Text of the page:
Friday, May 24, 2019


The Astronomy Picture of the Day of Bennu is very curious. It looks like a scree field, and it probably is scree all the way down. But the rocks are interesting. Much of the stuff lying around is clearly pitted and "space-weathered" and looks like concretions of smaller bits of stuff--the sort of thing you might expect from gentle gravity pulling dust and stuff together. But some show clean cleavage, as though a hard rock was cracked. If asteroids were built of accumulated cruft, like comets are supposed to be, all of it should be rough-looking.

Meteorites tell us that there are some hard bits in the asteroids--indeed some theories hold that a planetoid, big enough to have the heat and pressure to make rocks, broke up to make the asteroid belt--and all that frail-looking stuff suggests that a lot of the meteor gets splattered away high up in the atmosphere.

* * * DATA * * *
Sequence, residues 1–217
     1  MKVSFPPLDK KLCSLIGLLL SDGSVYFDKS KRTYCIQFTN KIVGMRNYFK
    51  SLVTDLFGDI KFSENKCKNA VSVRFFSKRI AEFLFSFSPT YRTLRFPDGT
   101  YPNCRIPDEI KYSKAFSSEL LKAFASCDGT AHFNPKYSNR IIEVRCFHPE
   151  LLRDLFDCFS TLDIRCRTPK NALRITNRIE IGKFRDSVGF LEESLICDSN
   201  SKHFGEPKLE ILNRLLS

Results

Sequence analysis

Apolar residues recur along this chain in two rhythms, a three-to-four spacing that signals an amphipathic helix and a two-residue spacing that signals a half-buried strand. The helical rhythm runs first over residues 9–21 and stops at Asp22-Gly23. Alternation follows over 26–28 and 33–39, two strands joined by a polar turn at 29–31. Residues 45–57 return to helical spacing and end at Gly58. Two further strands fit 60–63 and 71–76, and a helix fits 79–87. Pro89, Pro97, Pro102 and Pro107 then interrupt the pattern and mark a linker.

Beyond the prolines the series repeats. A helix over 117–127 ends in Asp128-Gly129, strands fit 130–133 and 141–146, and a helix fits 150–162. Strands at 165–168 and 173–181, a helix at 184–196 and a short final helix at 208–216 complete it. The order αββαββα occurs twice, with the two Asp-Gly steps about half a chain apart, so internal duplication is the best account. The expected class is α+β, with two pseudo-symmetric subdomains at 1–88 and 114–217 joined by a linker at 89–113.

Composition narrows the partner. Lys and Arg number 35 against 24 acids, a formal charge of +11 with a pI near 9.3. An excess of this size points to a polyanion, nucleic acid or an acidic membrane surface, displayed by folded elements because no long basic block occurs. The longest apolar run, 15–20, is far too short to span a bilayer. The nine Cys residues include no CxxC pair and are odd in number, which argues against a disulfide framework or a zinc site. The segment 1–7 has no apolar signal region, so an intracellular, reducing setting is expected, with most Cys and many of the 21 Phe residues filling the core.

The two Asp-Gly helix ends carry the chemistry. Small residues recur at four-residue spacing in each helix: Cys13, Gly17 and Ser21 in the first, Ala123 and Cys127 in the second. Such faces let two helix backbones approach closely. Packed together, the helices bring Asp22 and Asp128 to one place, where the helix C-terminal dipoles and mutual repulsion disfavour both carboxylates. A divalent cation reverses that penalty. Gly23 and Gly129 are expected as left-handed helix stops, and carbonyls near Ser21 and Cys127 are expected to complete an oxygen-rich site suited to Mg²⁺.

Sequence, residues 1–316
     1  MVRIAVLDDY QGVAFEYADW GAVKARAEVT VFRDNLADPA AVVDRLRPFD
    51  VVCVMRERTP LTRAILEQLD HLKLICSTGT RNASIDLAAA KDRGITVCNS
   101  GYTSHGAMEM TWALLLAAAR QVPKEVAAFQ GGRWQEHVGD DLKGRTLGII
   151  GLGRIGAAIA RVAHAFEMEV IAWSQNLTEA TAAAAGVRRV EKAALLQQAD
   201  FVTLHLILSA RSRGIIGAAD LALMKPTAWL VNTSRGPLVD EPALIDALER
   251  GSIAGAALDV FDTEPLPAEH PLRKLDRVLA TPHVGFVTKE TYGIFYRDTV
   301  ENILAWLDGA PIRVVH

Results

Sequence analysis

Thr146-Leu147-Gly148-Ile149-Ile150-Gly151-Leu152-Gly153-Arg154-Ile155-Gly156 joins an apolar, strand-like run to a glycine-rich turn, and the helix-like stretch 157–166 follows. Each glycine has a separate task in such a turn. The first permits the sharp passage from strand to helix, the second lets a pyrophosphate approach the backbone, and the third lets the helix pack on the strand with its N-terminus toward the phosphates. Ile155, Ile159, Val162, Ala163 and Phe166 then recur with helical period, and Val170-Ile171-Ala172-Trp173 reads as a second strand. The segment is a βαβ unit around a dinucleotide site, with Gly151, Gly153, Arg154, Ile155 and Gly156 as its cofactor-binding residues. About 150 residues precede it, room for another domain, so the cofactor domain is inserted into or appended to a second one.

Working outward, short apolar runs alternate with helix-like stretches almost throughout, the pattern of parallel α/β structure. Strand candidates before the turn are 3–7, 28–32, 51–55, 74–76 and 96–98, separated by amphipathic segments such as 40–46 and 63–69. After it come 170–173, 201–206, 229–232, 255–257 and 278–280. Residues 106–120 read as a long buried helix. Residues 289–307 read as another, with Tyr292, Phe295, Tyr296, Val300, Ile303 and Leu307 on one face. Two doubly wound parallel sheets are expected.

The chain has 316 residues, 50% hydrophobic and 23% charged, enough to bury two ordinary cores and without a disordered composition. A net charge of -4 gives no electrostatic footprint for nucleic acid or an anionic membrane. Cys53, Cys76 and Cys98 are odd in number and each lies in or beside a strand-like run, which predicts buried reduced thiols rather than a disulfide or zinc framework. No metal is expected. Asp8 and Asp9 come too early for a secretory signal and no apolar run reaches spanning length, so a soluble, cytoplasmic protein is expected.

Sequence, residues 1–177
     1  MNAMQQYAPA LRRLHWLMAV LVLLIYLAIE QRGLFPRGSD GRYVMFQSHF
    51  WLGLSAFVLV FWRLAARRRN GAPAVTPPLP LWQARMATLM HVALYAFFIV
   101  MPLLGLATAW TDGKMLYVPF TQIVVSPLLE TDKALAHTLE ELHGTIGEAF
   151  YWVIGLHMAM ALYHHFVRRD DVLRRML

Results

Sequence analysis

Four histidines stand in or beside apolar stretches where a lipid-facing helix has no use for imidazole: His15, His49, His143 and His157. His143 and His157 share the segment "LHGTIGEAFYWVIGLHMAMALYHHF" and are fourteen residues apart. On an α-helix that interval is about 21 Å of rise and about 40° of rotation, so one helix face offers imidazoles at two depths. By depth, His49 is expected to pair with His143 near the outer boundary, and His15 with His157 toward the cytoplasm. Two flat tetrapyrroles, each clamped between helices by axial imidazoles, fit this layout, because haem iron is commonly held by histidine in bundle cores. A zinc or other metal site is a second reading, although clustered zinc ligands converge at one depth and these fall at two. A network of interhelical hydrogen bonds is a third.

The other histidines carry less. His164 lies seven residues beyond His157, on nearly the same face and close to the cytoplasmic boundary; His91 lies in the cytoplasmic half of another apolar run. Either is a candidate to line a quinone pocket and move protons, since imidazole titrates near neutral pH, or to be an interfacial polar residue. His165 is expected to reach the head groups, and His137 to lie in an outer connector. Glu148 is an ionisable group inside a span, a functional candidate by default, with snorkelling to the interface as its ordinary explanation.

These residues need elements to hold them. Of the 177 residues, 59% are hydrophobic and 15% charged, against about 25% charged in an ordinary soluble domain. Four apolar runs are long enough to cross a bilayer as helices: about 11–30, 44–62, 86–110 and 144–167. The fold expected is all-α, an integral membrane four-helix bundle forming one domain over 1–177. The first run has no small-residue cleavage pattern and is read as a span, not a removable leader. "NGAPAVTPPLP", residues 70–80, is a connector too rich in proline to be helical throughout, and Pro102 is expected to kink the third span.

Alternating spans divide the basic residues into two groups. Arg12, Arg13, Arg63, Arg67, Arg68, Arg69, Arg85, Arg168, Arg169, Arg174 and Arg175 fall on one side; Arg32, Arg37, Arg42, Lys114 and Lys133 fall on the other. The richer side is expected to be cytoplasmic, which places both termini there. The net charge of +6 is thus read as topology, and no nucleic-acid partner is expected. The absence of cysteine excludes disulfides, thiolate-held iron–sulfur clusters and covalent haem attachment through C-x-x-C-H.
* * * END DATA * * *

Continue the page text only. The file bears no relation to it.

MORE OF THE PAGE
The meteor trail in the air is mostly glow from heated oxygen and nitrogen, but I'd expect some amount of light from the frying meteor as well. If (That's a big if. As it says at the link, usually you don't have a spectrometer pointed at the meteor trail.) you could compare the spectrum at the start and at the end, and subtract off the atmospheric contribution, you might be able to tell the difference between the composition of the soft cruft and the harder bits.

1 comment:

Assistant Village Idiot said...

Looks like a tough scramble to the top, but if 500 meters is the max, I think I could manage it.

A bit nippy, I'll bet.